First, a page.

Copyright: Shahid Khan/


Historically an important trading centre, Peshawar sits not far from the Khyber Pass, once part of the legendary Silk Route, and an important gateway to the Indian subcontinent travelled by prominent conquerors and explorers. Things remain volatile in Khyber Pakhtunkhwa border province, of which Peshawar is the capital, but recent trends seem to indicate a decline in criminality and a budding resurgence of urban life.

The City

Some say Pakistan is one of the most fascinating places in the world, others (including governments worldwide, at the time of writing) caution against all but essential travel to the country, and its northern regions in particular. Regardless of which school of thought you adhere to, taking necessary precautions and remaining vigilant at all times is prerequisite, and staying up-to-speed with recent developments as they appear in the media is of high importance. Having a local guide to show you around is best, and in some cases an armed guard is assigned to foreign visitors to ensure extra security. The areas of Peshawar of most interest to foreign visitors are the Old Town, University Town, and British Cantonment (with Saddar Road), the last two separated from each other by a railway constructed by the British post-1850. The central square of town is known as Chowk Yadgar, or "remembrance square", located inside the old walled city of Peshawar and sitting at the heart of Peshawar's many roads and bazaars. Peshawar is also known as the birthplace of the Pakistani answer to Hollywood – Pollywood –, but remaining movie theatres where these films are screened are, unfortunately, few and far between, due to bombings carried out by Islamists deeming the films unruly.


There admittedly isn't much in the way of nightlife in Peshawar, and precaution must be taken if you do venture outside after dark (foreign visitors are often advised against it). The city's most common evening pastime is dining, with many restaurants staying open until late in the night (many also serve shisha). The sale and consumption of alcohol is forbidden in all of Khyber Pakhtunkhwa province, although underground booze-fuelled parties do take place, but information about those is, understandably, hard to come by, and admittance is by personal invitation only.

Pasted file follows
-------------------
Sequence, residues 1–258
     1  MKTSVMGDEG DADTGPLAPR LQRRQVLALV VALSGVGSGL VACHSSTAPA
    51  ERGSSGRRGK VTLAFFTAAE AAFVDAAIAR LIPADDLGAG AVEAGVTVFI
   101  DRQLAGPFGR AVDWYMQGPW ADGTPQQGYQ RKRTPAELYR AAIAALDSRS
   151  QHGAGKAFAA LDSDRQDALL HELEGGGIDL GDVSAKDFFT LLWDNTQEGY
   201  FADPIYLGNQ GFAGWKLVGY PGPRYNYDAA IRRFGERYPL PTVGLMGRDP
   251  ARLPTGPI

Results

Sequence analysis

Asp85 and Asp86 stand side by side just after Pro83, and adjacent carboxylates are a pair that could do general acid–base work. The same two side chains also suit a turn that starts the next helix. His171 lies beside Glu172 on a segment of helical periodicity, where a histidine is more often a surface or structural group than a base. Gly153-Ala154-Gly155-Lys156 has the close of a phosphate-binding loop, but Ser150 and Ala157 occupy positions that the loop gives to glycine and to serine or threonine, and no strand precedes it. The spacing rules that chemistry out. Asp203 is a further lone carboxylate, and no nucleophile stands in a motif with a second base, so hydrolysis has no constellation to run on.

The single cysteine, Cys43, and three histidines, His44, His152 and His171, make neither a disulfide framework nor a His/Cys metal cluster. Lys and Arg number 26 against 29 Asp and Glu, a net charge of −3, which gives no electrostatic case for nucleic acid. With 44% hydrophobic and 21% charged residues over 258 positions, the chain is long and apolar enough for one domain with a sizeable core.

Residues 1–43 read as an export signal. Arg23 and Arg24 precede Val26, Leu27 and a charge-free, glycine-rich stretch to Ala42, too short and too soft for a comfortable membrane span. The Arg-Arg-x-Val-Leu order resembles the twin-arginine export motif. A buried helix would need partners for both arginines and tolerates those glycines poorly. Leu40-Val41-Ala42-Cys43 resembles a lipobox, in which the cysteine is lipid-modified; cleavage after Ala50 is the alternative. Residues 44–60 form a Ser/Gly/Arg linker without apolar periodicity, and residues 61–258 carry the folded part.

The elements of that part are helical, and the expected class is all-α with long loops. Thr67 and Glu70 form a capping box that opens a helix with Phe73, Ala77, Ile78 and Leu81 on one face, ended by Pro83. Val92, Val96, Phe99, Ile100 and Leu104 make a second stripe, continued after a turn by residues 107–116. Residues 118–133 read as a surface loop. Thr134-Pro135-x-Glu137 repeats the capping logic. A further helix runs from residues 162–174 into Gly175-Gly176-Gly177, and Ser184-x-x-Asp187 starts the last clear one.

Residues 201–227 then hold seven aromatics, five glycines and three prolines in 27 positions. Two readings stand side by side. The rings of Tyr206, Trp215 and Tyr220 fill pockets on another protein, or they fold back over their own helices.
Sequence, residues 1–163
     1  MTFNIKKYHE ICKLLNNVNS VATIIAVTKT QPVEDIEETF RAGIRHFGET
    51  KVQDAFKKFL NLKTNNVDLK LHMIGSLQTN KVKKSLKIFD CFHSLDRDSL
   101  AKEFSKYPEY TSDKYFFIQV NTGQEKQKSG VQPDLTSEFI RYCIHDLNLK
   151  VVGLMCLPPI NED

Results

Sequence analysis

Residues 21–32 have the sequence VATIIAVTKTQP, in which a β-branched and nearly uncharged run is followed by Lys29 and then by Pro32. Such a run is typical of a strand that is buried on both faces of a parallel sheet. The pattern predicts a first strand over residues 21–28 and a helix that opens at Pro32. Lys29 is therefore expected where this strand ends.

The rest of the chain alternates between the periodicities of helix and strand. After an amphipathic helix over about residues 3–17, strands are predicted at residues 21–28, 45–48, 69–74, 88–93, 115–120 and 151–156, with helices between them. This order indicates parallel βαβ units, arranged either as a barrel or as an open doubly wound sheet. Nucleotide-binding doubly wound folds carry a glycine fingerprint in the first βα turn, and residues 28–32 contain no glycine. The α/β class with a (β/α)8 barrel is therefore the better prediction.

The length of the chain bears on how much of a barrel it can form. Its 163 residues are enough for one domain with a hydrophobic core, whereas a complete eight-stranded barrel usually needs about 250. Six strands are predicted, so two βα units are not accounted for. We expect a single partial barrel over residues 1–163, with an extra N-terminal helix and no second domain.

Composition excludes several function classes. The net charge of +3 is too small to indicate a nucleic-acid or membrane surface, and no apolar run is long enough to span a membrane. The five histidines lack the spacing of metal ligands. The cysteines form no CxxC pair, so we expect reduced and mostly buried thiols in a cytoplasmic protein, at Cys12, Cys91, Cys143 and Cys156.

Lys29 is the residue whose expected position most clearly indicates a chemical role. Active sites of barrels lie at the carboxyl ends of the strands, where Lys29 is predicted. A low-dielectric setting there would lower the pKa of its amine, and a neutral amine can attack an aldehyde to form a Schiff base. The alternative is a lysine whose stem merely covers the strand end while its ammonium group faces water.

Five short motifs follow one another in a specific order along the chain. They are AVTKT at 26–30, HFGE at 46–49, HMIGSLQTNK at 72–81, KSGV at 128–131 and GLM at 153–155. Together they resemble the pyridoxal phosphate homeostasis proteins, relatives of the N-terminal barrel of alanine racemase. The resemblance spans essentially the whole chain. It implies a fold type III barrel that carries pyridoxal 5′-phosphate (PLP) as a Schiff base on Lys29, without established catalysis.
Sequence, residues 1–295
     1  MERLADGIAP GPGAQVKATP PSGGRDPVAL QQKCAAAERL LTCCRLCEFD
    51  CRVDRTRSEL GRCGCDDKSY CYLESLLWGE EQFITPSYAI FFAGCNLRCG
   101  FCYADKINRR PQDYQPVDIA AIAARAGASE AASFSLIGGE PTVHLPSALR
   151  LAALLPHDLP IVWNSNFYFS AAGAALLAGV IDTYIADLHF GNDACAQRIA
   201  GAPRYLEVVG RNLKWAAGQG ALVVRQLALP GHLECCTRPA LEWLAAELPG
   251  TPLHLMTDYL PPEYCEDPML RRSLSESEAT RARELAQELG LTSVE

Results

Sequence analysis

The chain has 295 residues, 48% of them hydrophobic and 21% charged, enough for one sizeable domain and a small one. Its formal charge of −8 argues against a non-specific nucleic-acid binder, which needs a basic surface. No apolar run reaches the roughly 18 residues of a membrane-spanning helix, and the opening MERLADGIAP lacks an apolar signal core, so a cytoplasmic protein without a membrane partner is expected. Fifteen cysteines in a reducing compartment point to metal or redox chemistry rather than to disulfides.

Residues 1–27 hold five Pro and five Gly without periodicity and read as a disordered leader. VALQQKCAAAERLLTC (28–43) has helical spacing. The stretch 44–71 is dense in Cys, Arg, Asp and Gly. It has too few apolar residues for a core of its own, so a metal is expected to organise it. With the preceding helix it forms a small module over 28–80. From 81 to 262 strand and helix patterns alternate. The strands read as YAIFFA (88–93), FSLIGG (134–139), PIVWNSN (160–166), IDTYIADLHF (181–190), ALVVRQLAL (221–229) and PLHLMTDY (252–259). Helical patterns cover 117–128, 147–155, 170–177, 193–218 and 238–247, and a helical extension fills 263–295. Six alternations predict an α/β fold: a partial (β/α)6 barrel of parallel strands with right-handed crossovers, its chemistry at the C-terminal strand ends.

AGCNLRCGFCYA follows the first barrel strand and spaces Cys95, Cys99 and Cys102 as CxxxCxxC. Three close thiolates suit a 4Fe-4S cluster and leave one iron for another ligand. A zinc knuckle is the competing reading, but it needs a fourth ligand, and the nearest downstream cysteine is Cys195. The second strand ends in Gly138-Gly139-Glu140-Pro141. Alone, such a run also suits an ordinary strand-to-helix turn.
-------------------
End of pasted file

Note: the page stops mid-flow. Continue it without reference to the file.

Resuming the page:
Do & See

Given that most city exploration is done during daylight hours, there is plenty to easily fill a space of a few days. Apart from the must-dos of Peshawar Museum and the Old Town, one unusual attraction is the 1920s Khyber Railway, trips on which are only possible by prior appointment. Depending on their planned time of travel, adventure-seekers might want to look into visiting one of the notorious gun factories in the outlying Tribal Areas (or the infamous Darra Adam Khel), but doing so outside of a guided tour can be highly dangerous and is strongly advised against.


Meat is an essential constituent of Peshawari dining, which comes in two main configurations: as tikka (barbecue) or karahi (a variety of spicy curry). A common way to order is to select the variety and amount of meat, and have it cooked in your presence. Other typical regional dishes include chapli kebab (and other sorts of grilled meats), fried fish, rice-based Kabuli palaw, and further Pashtun specialties. If you're sensitive to spice, make sure to indicate your desired levels of heat when placing an order.


Green tea (or kahwah) is the Peshawari beverage of choice. The age-old recipe dictates that tea be brewed in a large copper container (samovar), with spices like saffron, cinnamon and cardamom added for fragrance and flavor. Nowadays, liberties are often taken with the original recipe, but drinking kahwah remains an indispensable tradition. Another noteworthy treat is the falooda, a sweet dessert drink prepared with rose syrup, basil, jello bits and milk.


Shopping is an art form in Peshawar, where avid bargain-hunters will feel right at home. Haggling is well-expected at markets (initial prices can be easily brought down by at least a third), and is even acceptable at some shops where prices appear to be fixed. Items to look out for include traditional chapli sandals, Afghani pakol (wool hats), pottery, brass and copper wares, quality fabrics, woven rugs, and more. Note that some areas, such as the Smugglers' Market, are best visited with a local guide.

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